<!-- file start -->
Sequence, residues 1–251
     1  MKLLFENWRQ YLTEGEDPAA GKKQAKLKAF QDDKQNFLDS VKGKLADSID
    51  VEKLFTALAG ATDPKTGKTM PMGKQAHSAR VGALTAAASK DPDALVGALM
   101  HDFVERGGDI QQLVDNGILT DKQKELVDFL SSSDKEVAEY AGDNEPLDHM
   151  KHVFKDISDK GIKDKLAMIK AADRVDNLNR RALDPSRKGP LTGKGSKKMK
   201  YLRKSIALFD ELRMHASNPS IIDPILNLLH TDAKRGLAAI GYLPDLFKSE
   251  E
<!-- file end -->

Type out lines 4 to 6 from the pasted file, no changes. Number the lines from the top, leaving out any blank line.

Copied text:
   101  HDFVERGGDI QQLVDNGILT DKQKELVDFL SSSDKEVAEY AGDNEPLDHM
   151  KHVFKDISDK GIKDKLAMIK AADRVDNLNR RALDPSRKGP LTGKGSKKMK
   201  YLRKSIALFD ELRMHASNPS IIDPILNLLH TDAKRGLAAI GYLPDLFKSE